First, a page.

- Trying to get over a cold I came down with Tuesday
- Toddler daughter has a raging double ear infection
- Packing up and preparing for two booths worth of stuff at the expo Friday and Saturday (Road Runners Club of America, and Heels and Hills)
Today, I reviewed the course map. I enjoy doing this before races - it prepares me for what's ahead, and it gives me something to focus on as I run through the miles. Especially as I go into this hoping for a PR of a few minutes off my time.
This is only the second year of this course for the Dallas White Rock Half Marathon. I hope someone else may find these thoughts helpful.
- Start to the left side of the corral/start area. Why? Because just a tiny ways into the race, and you take a HARD left turn. Always run the tangents. Why run more distance than you have to? With a huge crowd, you can't cut that corner short if you are on the outside, and taking up the whole road means the outside is a very large curve around the corner!
- Don't go out too fast, and I am making myself promise I will avoid being a "dodger", veering around other slower runners. Save my energy, be strategic, pay attention to the paces of the folks in front of me.
- First two miles are uphill, mostly gradual but one quick big one at Mile 1.75 - about 50 feet rise. Mile 2 takes you on McKinney Avenue which has brick/concrete/asphalt/TROLLEY TRACKS?!? Rather than concrete, or bricks (which all shift individually over time and put more stress on your ankles), shoot for running between the trolley tracks which I think I recall seemed the best surface for me.
- Mile 2.75, enjoy the quick short downhill rounding the bend from Hall St. to Turtle Creek Blvd. My body doesn't really warm up until mile 3, so muster a "Yeah! I wanna be here!" inner cry even if in the claustrophobia and manic-ness of the crowd and stiffness still of the legs, I'm not sure at that moment that I really want to be. :-)
- Mile 3.0, now a mile on Turtle Creek Blvd. Relax, take deep breaths, enjoy the beautiful landscaping, wide open areas, large shade trees. Look around and smell the proverbial roses. Laugh that a year ago, when I was not training routinely, I did this race and yelled out to a runner friend spectating along here, "I don't know what I'm doing here!" Slight uphill continues.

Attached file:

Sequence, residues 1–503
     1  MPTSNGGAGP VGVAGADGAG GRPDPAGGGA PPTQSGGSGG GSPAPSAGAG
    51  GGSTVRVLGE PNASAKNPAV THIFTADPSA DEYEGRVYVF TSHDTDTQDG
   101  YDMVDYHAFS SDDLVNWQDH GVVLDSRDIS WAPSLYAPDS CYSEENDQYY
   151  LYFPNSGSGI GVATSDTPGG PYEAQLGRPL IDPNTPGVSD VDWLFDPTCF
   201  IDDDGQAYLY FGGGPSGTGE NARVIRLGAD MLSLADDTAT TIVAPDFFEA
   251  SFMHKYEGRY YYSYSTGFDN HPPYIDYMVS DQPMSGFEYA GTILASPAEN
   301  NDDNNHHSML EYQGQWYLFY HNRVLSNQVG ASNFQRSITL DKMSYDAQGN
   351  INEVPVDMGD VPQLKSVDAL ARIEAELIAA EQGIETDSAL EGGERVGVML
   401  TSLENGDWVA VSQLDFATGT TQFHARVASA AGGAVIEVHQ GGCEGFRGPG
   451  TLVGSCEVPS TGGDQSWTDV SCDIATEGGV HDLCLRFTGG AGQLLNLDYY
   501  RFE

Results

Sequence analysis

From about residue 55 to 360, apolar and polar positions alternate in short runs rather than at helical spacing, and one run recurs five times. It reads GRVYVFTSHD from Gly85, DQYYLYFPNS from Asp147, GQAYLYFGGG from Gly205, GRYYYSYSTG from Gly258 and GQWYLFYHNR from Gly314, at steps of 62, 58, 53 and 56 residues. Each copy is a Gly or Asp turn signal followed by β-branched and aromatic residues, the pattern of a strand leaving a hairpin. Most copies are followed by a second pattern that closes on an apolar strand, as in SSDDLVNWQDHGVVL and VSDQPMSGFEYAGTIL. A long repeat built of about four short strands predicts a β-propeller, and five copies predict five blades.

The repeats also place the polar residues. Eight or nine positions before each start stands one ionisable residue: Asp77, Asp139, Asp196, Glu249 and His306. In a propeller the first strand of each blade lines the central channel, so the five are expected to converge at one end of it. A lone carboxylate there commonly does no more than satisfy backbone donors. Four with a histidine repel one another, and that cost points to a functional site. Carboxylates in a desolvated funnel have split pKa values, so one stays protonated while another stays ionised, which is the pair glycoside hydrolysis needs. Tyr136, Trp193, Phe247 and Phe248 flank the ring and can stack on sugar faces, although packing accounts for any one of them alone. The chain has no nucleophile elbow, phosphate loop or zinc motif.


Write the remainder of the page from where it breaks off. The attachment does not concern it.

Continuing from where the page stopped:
- Miles 4 and 5, criss-crossing streets of pretty homes. Slight uphill continues, about 75 feet rise over 2 miles.
- Right before Mile 6.0, you cross Central Expressway a.k.a. Highway 75. For someone of my slower speed, this is that moment that you realize how spread out the field is. Mile 9.5 is located just on the other side of the overpass we are all crossing. As compared to my approx. 11:30 pace, the people I'm seeing on the other side of the road are 9.5 miles in with an average pace of about 7:15 - too awesome!
- Mile 6.0 is uneventful except for the intersections when you can see runners one street down at mile 9. Elevation is fairly flat.
- Mile 7.0 starts a 2 mile out-and-back jaunt. Don't cheat here anyway, but also because the split chip marker is often in sections of a race like this to catch those who would violate basic racing ethics. I loved this out-and-back last year as it ended up being two of my best miles. There's something about running head-on into a crowd of runners in the opposite lane that makes you recheck your posture, gait, and run strong! I need to track down half marathoners I know who run a pace between 9:15 min/mi, up to 14 min/mi, so I have friendly faces to focus on looking for! Flat through these two miles.
- Mile 9.0 to 9.5 - don't trip on a speed hump! They have them periodically on this street, McCommas Street, so don't zone out! Here's a pic of the speed hump from Google Street View... Run in the middle of the road as I also seem to recall pretty good banking on both sides - don't run on a slant.
- Mile 10.0 - enter the Katy Trail. Mantra - it's all downhill from here. Don't go crazy - keep the consistent pace, maybe increase a little. 75 feet drop over one mile.
- Mile 10.5 - band and good spectator spot. Hubby and baby will be here to cheer me on. Gather the energy from the crowd because it's about to get a lot lonelier (wish I'd known that last year).
- Miles 11-13 - At my pace, we're all getting pretty spread out at this point, and the bad part about the Katy Trail usage through here is that there are very few spectator spots. Mile 12, assess how I'm feeling, see if I can ramp it up.
- Mile 13.0 to 13.1 - Finish strong!
Course Map PDF from race website with the half marathon's elevation chart: http://www.runtherock.com/race_info/pdfs/TheRockMap2009combinedCLIF.pdf
Course Map laid onto a street map from Dallas News but only marathon elevation chart:
See you at the finish line! Happy Running!